Once you’re done with work and want to kick back with some entertainment, there’s no need to swap to another device, both are still great machines. Due to the better display, Surface is a better device for reading but not exactly for holding. The angled design of the case is intended to allow users to hold it comfortably from either portrait or landscape orientations. While I get what they were after, I do prefer the feel of the rounded S7S here. The angled case is not a problem I just like the rounded edge better.
Moving on from reading to videos is as simple as tapping another app. Watching videos either locally stored or streamed is no problem for either computer and at the highest quality settings both cruise along without a hiccup. Comments about screen and comfort carry over here in lock step.
Sound quality is slightly better from Surface Pro, likely due to the different speaker location. It’s not going to shake your desk or anything but as long as you have realistic expectations it will satisfy them. Keep in mind, these are small speakers on a small devices, when attached to external sources they are predictably better and kick out sound as good as whatever your driving.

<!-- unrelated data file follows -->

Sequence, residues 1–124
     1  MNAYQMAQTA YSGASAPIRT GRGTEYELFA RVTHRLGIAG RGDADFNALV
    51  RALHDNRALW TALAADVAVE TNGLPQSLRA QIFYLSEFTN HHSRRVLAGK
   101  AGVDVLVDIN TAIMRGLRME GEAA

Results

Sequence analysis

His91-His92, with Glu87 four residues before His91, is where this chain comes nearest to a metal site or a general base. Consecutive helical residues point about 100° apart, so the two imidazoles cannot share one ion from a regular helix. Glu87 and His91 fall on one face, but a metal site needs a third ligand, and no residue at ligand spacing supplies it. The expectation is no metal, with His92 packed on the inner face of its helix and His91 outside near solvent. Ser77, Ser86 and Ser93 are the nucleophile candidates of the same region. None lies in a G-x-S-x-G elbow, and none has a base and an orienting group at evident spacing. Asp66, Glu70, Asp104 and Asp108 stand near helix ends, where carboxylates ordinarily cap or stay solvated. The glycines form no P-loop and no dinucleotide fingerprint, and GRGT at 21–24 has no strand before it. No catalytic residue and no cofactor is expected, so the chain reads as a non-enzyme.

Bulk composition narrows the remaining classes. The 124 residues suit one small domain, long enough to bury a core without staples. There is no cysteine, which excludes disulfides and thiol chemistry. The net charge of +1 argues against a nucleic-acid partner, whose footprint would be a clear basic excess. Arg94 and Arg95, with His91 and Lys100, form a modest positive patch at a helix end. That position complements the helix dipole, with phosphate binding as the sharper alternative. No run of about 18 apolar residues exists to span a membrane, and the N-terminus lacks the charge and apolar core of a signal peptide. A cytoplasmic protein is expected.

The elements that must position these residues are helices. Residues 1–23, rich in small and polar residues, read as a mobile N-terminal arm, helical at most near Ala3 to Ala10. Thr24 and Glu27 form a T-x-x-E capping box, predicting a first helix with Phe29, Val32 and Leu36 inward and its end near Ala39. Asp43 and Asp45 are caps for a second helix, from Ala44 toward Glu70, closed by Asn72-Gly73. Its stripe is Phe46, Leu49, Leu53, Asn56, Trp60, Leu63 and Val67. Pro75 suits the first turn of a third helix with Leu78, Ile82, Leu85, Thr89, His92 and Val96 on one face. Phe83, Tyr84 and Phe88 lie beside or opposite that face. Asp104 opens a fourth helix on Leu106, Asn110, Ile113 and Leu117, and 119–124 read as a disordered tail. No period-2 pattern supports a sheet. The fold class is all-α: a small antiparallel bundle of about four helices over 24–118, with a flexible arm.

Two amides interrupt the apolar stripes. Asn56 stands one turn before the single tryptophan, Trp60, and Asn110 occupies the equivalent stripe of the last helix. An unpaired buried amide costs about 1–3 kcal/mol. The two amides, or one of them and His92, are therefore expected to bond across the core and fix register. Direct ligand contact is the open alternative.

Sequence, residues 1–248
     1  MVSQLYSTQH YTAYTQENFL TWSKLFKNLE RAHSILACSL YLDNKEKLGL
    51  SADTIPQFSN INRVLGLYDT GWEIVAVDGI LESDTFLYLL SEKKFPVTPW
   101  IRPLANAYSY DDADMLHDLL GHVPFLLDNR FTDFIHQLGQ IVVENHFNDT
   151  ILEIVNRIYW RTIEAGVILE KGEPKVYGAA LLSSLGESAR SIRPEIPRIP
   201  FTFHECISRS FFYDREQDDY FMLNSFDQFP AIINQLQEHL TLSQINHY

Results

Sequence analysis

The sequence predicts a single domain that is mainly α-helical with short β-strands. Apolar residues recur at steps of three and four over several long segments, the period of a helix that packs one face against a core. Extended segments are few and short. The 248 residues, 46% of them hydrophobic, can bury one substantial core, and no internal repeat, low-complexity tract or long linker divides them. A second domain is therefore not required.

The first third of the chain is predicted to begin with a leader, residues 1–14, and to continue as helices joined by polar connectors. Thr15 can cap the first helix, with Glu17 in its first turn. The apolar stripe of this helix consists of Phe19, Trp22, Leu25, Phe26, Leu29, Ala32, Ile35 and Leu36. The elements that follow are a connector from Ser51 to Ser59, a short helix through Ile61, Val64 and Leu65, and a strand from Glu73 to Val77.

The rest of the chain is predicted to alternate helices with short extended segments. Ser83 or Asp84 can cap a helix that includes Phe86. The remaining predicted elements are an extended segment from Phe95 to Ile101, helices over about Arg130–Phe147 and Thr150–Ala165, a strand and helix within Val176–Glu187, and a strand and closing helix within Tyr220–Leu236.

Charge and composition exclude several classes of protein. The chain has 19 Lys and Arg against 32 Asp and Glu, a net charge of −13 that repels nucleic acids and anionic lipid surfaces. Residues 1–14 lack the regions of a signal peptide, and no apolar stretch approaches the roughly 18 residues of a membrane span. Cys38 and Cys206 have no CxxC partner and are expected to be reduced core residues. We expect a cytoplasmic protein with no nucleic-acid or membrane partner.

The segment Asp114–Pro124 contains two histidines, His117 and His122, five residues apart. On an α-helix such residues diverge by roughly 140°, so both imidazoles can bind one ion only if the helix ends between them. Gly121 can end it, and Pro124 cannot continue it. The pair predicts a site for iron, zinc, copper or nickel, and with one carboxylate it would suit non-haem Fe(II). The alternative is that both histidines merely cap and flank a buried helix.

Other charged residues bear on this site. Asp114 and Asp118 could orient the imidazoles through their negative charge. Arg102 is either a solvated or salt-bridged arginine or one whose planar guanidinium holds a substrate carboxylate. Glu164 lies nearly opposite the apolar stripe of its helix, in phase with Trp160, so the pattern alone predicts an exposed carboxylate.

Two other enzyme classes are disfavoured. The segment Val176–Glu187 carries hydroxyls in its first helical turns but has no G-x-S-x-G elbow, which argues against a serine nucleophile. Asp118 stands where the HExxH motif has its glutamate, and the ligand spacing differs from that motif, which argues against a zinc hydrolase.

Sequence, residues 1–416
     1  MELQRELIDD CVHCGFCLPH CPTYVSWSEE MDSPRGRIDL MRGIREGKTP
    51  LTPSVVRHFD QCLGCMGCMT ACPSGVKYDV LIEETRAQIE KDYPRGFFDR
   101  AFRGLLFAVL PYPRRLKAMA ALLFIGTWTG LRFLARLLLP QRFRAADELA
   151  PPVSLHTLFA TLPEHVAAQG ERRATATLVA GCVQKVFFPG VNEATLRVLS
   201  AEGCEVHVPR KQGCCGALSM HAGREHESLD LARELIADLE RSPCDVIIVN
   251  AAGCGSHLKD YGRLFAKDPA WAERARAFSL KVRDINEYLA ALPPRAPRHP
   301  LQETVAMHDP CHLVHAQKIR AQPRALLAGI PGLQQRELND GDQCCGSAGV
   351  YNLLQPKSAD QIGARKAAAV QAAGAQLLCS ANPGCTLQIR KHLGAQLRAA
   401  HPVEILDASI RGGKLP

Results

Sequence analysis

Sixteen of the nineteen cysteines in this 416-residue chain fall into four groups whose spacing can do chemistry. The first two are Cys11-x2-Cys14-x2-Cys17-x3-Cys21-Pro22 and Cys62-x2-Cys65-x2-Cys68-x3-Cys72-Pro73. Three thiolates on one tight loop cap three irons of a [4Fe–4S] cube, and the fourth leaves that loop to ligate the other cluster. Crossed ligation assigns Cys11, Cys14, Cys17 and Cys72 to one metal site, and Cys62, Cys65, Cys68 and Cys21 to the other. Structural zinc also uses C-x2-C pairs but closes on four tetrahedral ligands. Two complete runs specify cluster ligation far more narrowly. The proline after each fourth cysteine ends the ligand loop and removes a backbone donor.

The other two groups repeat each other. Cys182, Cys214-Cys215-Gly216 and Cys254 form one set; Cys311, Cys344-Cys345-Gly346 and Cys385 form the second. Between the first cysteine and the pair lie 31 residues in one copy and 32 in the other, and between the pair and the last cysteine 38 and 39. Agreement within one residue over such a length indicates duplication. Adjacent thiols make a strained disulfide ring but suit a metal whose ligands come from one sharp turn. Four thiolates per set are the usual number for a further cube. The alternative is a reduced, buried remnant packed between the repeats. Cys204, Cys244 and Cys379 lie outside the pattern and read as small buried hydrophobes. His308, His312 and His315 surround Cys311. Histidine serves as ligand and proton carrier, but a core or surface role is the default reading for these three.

Finally, while these systems are not designed to be gaming computers, they can support the fun as well as many laptops out there today. Running Windows 8 means they have full access to the titles found in the Windows Store and considering the vast majority of those titles are able to run on Windows RT with ARM processors it’s no surprise that neither of these systems had a problem with anything I’ve found in the store so far. For the less casual gamer, there are options like Steam out there where you can get your hands on the latest and greatest titles but you may wonder if a slate PC can run them. So far with the ones I’ve tested, yes! I’ll expand on the gaming aspect over time since this is first and foremost a device I bought to do work on, but, while testing it out I installed Counter-Strike: Global Offensive and ran a couple of rounds. The S7S did take a little longer to get started and I did have some slight choppiness when all of the sprites were onscreen but it was completely playable. Surface, on the other hand, knocked it out of the park. I posted a video on YouTube using only the touch cover as keyboard and mouse and while that’s likely the worst configuration for gaming I can think of, it worked. Using a different mouse, a Xbox controller, or anything else would make this a viable option for playing on the go!